Ossipee — July 19, 2007 — Summer is well under way and the lakes are busy with boaters and swimmers and fishermen out to enjoy our lakes. We hope that those people visiting our lakes with their boats have taken the time to learn about the problem of invasive milfoil here and what they can do to help stop its spread.
Sadly, fighting the spread of milfoil has become almost routine in the towns around local lakes. Both Winnipesaukee and Ossipee Lake are troubled by the invasive weed, which clogs waterways and chokes out local plant life. Towns surrounding the lakes have dealt with the problem with everything from pouring herbicides into the waters to hiring divers to carefully pull the plant from selected areas in such a way that they do not allow it to spread.
In addition to Ossipee and Winnipesaukee, Belleau Lake and Balch Lake in Wakefield as well has Squam Lake also have infestations of variable milfoil, and Mountain Pond in Brookfield has Eurasian milfoil in its waters.
After years of trying different approaches while the plant continues to spread on Ossipee Lake, residents here are beginning to see some success, if not in eradicating the weed, at least in stopping its spread in areas that have been treated with diving and harvesting. In recent weeks both Ossipee and Freedom Selectmen have approved funding for divers to continue their work on Ossipee Lake this year.
But that work can only do so much to solve the problem. It is critical to the success of such programs to educate boaters about how to identify and remove plants from their boats, as this has been identified as one of the main ways in which the plant is introduced and spread in new bodies of water.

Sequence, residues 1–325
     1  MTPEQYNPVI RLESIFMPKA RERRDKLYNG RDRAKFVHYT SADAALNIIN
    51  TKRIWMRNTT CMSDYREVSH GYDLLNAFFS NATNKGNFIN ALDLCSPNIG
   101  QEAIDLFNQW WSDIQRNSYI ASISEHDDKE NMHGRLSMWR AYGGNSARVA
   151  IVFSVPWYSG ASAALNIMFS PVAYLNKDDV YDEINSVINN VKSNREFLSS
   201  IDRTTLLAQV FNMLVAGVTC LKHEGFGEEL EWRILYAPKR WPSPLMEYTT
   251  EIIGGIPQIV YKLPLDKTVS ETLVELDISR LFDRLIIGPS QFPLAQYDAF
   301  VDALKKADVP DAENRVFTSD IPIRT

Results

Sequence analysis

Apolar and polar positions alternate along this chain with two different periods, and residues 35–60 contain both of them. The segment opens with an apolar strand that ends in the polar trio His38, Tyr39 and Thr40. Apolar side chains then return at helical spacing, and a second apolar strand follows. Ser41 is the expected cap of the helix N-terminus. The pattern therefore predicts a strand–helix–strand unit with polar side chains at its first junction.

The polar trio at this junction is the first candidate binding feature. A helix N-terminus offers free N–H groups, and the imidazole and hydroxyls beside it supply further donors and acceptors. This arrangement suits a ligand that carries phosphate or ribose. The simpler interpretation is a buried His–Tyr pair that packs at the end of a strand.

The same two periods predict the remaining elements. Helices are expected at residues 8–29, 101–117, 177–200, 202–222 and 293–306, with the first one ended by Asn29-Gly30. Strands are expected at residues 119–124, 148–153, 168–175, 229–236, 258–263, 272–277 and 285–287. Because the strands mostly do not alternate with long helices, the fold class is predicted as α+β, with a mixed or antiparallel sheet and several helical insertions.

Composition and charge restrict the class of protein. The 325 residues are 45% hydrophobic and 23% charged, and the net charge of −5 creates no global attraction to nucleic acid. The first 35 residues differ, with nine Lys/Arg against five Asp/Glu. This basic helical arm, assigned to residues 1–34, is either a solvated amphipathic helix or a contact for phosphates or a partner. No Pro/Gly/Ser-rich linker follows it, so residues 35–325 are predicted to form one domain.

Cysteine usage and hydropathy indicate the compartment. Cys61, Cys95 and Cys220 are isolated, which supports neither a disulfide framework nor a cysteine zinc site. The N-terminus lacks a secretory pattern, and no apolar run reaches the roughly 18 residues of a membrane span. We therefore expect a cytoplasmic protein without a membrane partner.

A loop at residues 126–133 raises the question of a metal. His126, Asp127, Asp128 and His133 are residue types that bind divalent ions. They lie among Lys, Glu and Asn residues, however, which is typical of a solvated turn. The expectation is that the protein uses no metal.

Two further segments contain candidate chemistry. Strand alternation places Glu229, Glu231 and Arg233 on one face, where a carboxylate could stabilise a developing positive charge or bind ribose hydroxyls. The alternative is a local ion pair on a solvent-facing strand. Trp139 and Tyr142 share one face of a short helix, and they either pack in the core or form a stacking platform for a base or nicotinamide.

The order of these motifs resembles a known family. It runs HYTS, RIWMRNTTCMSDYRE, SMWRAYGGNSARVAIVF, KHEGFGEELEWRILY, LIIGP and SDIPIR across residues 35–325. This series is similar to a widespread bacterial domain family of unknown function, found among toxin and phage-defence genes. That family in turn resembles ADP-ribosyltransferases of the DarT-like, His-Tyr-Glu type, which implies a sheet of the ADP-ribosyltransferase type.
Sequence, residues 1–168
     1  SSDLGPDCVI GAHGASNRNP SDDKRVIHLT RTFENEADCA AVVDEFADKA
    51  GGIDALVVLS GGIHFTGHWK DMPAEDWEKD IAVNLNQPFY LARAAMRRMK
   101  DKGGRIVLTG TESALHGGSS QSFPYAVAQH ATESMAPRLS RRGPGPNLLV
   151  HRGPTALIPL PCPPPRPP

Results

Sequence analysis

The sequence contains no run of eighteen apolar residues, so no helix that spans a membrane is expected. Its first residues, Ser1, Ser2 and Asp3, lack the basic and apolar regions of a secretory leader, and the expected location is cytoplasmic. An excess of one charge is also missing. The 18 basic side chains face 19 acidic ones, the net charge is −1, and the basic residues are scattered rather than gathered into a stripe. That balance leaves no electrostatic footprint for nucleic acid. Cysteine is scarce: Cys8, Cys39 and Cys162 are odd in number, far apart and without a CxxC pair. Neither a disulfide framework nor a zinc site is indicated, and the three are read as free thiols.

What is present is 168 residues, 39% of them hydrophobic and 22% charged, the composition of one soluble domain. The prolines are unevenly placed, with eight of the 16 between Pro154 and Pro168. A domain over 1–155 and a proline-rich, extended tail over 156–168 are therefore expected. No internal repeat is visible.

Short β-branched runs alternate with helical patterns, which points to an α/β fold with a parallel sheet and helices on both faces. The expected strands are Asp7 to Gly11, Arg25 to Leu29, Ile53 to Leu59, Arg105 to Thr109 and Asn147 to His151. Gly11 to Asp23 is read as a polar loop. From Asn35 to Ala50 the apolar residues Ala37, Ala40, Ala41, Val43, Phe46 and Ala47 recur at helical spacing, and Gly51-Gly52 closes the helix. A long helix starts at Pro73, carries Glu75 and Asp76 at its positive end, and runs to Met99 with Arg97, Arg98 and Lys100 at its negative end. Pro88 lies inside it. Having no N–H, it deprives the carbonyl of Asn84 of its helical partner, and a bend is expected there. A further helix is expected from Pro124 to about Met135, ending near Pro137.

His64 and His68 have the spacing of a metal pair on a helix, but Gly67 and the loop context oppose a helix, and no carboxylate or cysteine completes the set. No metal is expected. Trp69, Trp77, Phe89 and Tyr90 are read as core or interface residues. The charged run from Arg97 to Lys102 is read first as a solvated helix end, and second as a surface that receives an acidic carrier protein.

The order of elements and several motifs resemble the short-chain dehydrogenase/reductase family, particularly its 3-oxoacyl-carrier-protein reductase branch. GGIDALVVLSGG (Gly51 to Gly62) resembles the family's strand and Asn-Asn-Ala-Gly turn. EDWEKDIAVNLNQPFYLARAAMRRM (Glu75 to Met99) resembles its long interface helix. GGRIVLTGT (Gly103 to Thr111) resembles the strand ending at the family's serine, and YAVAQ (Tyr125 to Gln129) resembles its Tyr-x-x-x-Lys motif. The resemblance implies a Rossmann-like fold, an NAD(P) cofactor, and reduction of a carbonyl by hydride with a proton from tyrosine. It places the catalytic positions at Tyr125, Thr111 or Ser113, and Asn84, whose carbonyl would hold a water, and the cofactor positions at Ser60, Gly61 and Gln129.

Local conservation groups and marinas are involved in education and they are doing a good job through the Lake Host program sites at different locations on the lake. But boaters need to take the time to learn about the plant. It should be part of the routine of putting a boat in or taking it out of a waterway to clear it of plant matter. It is important to get all of the plant material off the boat before putting it into a new body of water since part of the problem with milfoil is that the plant can grow from even the smallest piece. Information about this can be found posted on kiosks at popular boat launches on Ossipee Lake.
You can also learn more about the problem of invasive milfoil and what you can do to help on the following websites: www.des.state.nh.us/wmb/ExoticSpecies/index.html and www.nhlakes.org or talk with a Lake Host volunteer stationed at boat launches on busy days.